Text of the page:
Demographics take bigger role in future housing needs
Birth rates are not at the top of the list some REALTORS® think about when mapping out leads for new clients. But that’s not the case in the National Association of REALTORS® (NAR) Research Department. Dr. Jessica Lautz, Vice President of Demographics and Behavioral Insights, watches it and other demographic trends like a hawk. She doesn’t especially like the current trend.
More adults say they don’t want to have kids. Almost half (44%) of adults younger than 50 who don’t have children say they aren’t likely or “not at all likely” that have children, according to a new Pew Research Center Study. That’s up 37% from what the same age group said in 2018.
Since the 2008 recession, birth rates in the U.S. have plummeted. It hit an all-time low in 2020. Pandemic-related economic uncertainty is likely behind the latest decline, economists told MarketWatch. A One Morning Consult survey of 572 Millennials last year found 15% were less interested in having kids due to the pandemic. And 17% said they would further delay having kids because of it. The expense of raising children also is a growing concern expressed by millennial non-parents.
Here in the region of NE Tenn. and SW Va., monitored by the Northeast Tennessee Association of REALTORS® (NETAR), the number of births began a sharp decline in 2013. That dovetailed with the aging of the local population for a “negative natural population growth” situation. That simply means there were more deaths than births. Combine that with the number of college graduates and young people moving to other areas every fall, and the stage was set for a population decline unless enough new residents could be attracted to balance the losses.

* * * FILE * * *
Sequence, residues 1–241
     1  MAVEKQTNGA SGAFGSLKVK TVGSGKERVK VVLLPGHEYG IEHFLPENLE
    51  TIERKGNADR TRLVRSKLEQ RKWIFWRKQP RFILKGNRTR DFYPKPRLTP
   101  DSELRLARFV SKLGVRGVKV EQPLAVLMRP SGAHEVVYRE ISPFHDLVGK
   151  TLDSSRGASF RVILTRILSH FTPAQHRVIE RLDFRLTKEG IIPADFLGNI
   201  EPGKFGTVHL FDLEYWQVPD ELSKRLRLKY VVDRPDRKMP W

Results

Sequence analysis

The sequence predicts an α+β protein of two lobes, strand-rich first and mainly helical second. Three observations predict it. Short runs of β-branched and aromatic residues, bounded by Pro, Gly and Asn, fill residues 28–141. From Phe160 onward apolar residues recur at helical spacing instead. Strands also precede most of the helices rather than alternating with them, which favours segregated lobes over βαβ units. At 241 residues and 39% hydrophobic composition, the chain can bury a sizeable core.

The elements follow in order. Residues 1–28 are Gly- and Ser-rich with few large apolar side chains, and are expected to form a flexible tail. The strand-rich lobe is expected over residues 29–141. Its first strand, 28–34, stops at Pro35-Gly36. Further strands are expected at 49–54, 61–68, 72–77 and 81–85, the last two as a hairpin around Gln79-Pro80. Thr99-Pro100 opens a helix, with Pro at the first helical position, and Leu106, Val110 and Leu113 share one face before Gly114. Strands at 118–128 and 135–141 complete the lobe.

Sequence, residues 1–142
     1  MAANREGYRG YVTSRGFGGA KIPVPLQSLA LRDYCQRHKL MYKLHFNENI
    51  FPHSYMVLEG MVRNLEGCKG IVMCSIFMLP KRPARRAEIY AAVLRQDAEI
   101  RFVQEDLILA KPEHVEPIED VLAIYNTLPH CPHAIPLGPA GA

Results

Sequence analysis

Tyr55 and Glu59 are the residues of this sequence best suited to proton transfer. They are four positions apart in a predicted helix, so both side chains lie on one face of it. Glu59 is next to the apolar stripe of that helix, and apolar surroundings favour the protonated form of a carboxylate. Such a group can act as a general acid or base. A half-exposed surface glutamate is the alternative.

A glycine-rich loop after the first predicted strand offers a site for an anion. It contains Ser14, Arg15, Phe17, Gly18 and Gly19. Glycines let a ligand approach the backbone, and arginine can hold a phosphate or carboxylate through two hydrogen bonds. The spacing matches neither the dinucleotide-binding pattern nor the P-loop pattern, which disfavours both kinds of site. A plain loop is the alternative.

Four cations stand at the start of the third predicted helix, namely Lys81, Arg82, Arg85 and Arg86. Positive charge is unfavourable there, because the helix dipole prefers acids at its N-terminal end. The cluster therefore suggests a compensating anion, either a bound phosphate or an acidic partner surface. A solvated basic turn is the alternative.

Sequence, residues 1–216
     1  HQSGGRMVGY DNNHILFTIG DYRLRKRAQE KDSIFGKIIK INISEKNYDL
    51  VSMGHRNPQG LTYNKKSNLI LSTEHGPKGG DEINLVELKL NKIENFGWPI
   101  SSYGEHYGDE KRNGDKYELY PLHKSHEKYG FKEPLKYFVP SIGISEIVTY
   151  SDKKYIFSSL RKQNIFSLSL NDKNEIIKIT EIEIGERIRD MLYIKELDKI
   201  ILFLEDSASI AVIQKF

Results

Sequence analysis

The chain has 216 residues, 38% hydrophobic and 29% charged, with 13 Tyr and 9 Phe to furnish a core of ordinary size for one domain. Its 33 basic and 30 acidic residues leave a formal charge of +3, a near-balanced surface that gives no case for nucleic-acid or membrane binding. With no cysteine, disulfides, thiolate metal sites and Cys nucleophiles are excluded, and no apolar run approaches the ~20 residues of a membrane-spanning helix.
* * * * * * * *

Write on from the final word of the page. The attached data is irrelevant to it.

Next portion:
The current numbers show the births-deaths imbalance plus the average outmigration totals an annual area population loss of 5,608 people. So far, the number of new residents has balanced that loss. But our year-to-year population gain is less than 1%.
In a NAR Economic Outlook blog, Lautz wrote that lower birth rates could have a future impact on housing demand. She noted that having a baby is often a leading housing decision prompting new families to buy a home or desire a larger home.
The decline in births is already coinciding with fewer home buyers with children in the home. In 1985, 58% of buyers had children under the age of 18. That percentage has since fallen to 33%, she added. Census reports show that the local share of households with children under 6 years old is 25.4%.
And then, there are the housing needs of a rapidly aging population. Currently, an average of 21 local residents turns 65 every day. Some plan to age in place. Others want to downsize but are not interested in moving out of the region.
Combined, these factors push understanding the local demographic changes to a more prominent place in a REALTORS® toolbox. It means they will need to master new or refine current skills to meet the increasing housing needs of these varied demographic groups.
Oh, one other demographic that is increasing is the veteran population. According to state data, 42% of all the veterans registered for retirement or benefits in Tennessee live in the greater Tri-Cities region. And thanks to veteran-friendly communities, colleges, and organizations like Mt. Home, their numbers are increasing. More about that later.
NETAR is the voice for real estate in Northeast Tennessee. It is the largest trade association in the Northeast Tennessee, Southwest Virginia region representing over 1,500 members and 100 affiliates involved in all aspects of the residential and commercial real estate industries.
NETAR is the voice for real estate in Northeast Tennessee. It is the largest trade association in the Northeast Tennessee, Southwest Virginia region, representing over 1,600+ members and 100+ business partners involved in all aspects of the residential and commercial real estate industries. Weekly market reports and information for both consumers and members are available on the NETAR website at https://netar.us